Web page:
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Nashua is home to some interesting historical spots, one in particular is quite famous, others will give you some insight into what it was like living during the early years when Nashua was actually two towns: Nashua and Bradford. The other, a valued gift to the community from an historic benefactor. All in all Nashua, and the surrounding area has a wealth of historic places to visit.


Little Brown Church in the Vale  2730 Cheyenne Ave. Nashua, IA 50568

Located just three miles from the Avenue of the Saints (hwy 27/218), The Little Brown Church was made famous by the song, "The Little Brown Church in Vale" or as it was originally written, "The Church in the Wildwood", by William Pitt, a music teacher who was passing through town on the stagecoach.  He had seen this wooded spot while walking down the street and it inspired him. Interestingly enough, at the time of writing the church didn't physically exist. There was, at that time an established Puritan-Congregational Church that had formed and they were meeting in various places around the town of Bradford. (see the "History" page for more information on Bradford) They soon made plans to build a church. Providentially, the very lot where William Pitt had envisioned a church was donated by the family that owned it and soon a church building stood in the exact spot. At the time the cheapest paint they could purchase was Ohio Mineral Paint, great wood protector but...brown.  The bell was hung and the church completed in 1864.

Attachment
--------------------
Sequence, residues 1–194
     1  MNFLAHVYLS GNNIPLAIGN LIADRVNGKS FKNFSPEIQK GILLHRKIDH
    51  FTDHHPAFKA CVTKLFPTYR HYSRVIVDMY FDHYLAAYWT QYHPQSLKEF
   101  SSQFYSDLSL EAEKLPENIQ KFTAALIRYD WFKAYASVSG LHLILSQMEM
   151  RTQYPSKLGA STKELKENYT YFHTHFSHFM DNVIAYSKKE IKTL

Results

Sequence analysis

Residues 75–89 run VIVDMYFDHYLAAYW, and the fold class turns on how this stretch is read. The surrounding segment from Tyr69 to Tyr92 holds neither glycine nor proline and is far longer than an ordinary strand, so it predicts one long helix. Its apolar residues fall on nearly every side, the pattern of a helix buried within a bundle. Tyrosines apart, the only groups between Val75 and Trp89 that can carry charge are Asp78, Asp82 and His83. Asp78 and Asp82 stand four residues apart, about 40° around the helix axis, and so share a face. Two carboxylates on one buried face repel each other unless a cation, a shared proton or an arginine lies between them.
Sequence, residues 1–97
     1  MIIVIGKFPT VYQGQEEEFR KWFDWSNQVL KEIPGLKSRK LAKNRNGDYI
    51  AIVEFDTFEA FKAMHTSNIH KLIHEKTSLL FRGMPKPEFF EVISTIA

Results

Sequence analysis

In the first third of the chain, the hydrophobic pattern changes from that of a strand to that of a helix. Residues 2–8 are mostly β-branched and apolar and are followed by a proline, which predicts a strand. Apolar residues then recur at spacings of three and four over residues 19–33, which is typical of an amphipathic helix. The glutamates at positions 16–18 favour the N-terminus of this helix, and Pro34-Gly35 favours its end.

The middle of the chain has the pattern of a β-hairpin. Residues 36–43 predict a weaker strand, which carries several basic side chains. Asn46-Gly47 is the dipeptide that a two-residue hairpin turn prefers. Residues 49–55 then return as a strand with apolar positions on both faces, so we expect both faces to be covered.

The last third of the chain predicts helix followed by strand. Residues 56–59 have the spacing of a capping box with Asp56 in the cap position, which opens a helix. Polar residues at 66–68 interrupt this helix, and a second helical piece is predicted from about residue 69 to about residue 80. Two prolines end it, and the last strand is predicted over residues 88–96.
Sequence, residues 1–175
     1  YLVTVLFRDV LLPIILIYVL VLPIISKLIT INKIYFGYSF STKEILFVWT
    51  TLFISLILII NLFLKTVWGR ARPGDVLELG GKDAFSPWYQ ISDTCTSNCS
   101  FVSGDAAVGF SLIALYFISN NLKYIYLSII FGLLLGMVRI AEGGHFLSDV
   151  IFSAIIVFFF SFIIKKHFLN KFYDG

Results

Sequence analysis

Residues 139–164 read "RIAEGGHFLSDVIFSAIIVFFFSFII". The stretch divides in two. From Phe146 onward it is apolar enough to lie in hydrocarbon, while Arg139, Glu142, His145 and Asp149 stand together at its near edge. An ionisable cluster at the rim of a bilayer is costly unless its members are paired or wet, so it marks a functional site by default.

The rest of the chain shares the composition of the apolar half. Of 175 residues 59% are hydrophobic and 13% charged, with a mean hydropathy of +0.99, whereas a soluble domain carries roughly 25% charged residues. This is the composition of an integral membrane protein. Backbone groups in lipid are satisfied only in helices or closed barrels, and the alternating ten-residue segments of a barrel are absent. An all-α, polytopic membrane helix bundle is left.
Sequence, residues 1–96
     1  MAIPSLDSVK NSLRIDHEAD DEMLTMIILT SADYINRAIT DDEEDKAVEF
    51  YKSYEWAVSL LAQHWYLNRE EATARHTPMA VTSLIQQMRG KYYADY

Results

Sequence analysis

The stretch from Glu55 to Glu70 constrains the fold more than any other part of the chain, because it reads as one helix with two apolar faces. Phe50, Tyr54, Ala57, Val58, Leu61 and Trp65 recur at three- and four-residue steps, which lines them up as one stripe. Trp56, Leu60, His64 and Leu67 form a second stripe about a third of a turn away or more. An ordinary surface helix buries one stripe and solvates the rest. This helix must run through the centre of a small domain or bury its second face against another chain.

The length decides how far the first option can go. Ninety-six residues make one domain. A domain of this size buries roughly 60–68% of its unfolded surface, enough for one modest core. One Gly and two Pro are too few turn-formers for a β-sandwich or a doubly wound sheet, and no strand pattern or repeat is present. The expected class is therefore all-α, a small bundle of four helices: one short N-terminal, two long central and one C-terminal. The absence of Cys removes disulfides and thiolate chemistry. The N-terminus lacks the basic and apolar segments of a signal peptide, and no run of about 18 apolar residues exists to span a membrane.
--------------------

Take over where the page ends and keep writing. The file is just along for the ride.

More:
Pitt was hired as a music teacher for the Bradford Academy. He had simply tucked away the song away and forgotten about it. When he arrived back in Bradford, there, in the very spot he had romanced about, stood a little brown church. The interesting thing is that the congregation had no idea that Pitt had penned the song and that the church in his song was, indeed, brown. Pitt dug out the song and taught it to his class who sang it at the church dedication.

Each year, this little country church is sought out by people from all over the world to exchange their vows in. To date, over 70,000 marriages have been performed there. Services are held regularly and the church hosts a lively, warm congregation. For further history and information on the Little Brown Church in the Vale, visit the official website at www.littlebrownchurch.org .

The church is nestled amongst the pine trees and there are ample grounds for wedding receptions and reunions. It boasts a small but beautiful prayer garden on the grounds behind the church. Picture of the Prayer Garden behind the Little Brown ChurchVisiting the Little Brown Church is a pleasent and a memorable one. It is an enduring icon of faith and history here.

Pastor: James Clifford Mann
email: info@littlebrownchurch.org

Sunday Worship Service 10:30 a.m. with sing-a-long at 10:15 a.m. 

Everyone Welcome!



Bradford Pioneer Museum